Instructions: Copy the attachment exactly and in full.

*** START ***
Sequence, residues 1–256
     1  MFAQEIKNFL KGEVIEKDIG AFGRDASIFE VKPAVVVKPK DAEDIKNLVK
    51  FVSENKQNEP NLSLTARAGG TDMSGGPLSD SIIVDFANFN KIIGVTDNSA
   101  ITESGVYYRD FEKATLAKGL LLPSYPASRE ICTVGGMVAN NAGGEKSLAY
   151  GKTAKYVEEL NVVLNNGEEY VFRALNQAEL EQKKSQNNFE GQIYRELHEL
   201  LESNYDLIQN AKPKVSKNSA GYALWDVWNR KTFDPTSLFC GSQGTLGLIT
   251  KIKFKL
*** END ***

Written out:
Sequence, residues 1–256
     1  MFAQEIKNFL KGEVIEKDIG AFGRDASIFE VKPAVVVKPK DAEDIKNLVK
    51  FVSENKQNEP NLSLTARAGG TDMSGGPLSD SIIVDFANFN KIIGVTDNSA
   101  ITESGVYYRD FEKATLAKGL LLPSYPASRE ICTVGGMVAN NAGGEKSLAY
   151  GKTAKYVEEL NVVLNNGEEY VFRALNQAEL EQKKSQNNFE GQIYRELHEL
   201  LESNYDLIQN AKPKVSKNSA GYALWDVWNR KTFDPTSLFC GSQGTLGLIT
   251  KIKFKL